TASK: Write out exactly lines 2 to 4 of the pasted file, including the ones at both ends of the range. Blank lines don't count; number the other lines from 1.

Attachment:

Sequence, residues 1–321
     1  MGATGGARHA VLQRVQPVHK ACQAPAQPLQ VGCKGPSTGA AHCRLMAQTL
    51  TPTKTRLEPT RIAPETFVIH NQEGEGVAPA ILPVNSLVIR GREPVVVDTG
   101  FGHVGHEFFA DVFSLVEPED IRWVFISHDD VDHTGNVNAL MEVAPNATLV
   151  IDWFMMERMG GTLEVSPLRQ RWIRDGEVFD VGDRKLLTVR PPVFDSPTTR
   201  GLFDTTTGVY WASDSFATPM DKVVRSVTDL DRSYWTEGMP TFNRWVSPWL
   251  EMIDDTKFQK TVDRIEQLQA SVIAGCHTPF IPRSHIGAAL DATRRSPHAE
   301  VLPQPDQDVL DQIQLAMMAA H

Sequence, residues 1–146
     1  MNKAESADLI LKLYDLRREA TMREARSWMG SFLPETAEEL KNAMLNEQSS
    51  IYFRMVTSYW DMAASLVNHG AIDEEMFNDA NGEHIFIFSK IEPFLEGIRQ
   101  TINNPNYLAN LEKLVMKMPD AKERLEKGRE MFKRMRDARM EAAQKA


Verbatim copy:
     1  MGATGGARHA VLQRVQPVHK ACQAPAQPLQ VGCKGPSTGA AHCRLMAQTL
    51  TPTKTRLEPT RIAPETFVIH NQEGEGVAPA ILPVNSLVIR GREPVVVDTG
   101  FGHVGHEFFA DVFSLVEPED IRWVFISHDD VDHTGNVNAL MEVAPNATLV